It was reported last Thursday that Albany’s infamous dysfunction also extends to the goods and services it purchases for its alphabet soup of state agencies and nonprofits. The bombshell report included findings which show that Albany owns more than a million square feet of vacant office space; paying millions of dollars to operate 850 toll-free numbers, half of which have not been dialed in months, pays 1,719 vendors to supply the state with everything from copy-machine toner to keyboards; and contracts three companies to run 27 call centers at a cost of $115 million a year. These findings are outrageous, and Albany needs to act to end this inefficiency – today.
Government mismanagement costs taxpayers in dollars, cents, and missed opportunities. The $3 billion Albany spent on its chief procurer, the Office of General Services (OGS), would have closed nearly one-third of the state’s budget deficit this year. We have all had to tighten our belts and live within our means. That’s what makes it so unconscionable for Albany to pay 1,719 companies 1,719 different prices for the same pens, folders, and paper clips while families are struggling to cover their mortgage payments.
What may be the most startling statistic, reported by the New York Times, is the revelation that OGS billed other state agencies as much as 38 percent of a project’s total cost for management and design work – two or three times the industry standard – and then outsourced the work to private contractors at a lower cost while pocketing the difference.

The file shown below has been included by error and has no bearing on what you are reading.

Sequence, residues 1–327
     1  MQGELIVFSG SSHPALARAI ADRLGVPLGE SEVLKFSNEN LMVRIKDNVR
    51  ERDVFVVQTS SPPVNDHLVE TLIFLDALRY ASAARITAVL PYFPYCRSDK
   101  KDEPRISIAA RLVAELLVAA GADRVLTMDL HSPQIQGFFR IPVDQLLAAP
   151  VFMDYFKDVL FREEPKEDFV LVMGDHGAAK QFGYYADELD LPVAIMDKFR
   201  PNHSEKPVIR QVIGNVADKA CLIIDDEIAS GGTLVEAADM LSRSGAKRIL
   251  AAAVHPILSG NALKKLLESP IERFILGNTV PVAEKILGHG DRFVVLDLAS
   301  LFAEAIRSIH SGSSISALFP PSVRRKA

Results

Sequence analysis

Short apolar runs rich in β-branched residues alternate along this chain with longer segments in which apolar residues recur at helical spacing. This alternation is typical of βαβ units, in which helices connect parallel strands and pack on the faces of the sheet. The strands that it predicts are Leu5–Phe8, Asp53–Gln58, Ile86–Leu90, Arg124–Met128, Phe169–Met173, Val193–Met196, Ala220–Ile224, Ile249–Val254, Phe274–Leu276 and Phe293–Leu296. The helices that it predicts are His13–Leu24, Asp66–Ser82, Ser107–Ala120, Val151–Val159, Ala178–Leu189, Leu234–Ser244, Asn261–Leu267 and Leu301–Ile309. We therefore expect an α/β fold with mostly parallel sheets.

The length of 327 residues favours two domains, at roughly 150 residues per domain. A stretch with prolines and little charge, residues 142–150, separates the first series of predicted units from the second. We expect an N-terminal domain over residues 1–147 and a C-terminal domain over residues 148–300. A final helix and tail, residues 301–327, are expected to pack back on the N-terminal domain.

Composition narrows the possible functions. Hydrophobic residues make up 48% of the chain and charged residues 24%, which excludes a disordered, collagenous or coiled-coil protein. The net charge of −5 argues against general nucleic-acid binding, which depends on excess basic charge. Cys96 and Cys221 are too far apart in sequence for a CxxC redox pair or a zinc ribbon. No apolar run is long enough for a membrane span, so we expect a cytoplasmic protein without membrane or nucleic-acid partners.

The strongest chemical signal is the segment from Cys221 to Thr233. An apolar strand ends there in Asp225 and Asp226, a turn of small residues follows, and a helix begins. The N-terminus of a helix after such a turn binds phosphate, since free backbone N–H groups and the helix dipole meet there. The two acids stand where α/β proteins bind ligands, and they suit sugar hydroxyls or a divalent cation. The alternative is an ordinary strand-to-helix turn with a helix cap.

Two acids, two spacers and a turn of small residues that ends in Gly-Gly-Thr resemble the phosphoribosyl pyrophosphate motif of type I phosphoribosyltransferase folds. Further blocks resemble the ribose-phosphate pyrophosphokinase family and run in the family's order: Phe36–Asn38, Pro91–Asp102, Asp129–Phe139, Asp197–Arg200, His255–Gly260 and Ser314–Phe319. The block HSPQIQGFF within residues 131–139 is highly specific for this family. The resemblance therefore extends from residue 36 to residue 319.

In a state that has the highest combined taxes in the nation, New Yorkers deserve to know how much of their money is wasted on a bloated and dysfunctional state government. Unfortunately, Albany is now so big and so mismanaged that it doesn’t even know how much office space it owns. Every year, Upstate taxpayers are paying to lease, heat, and maintain real estate holdings in New York City the size of the Chrysler Building – even though no one works there.
We must reduce and restructure the size of government in order to stop the state spending spree and cut up Albany’s credit card. I’m calling on the executive branch to initiate an immediate external audit for OGS and all procurement-related contracts, including a full inventory of real estate owned or leased by New York. Clearly, OGS has proven it cannot audit itself. We need to scrutinize a complex and costly bureaucracy independently.
If Albany can centralize and streamline contracting, taxpayers could see savings almost immediately. I support the consolidation of all goods, services, and technology purchasing under one statewide director as well as the elimination of all agency-level procurement directors and deputies.
I’m supportive of Governor Cuomo’s recent initiatives to end the gross mismanagement that plagues our state, and I’m ready to work with other lawmakers on initiatives that will consolidate and reorganize the way our state does business. As a businessman, I have had to successfully direct these types of cost-cutting reforms. Lawmakers have made important strides in the fight to help taxpayers keep more of their paycheck. Addressing inefficiencies and waste will help correct Albany’s spending addiction and put us on a path to future prosperity.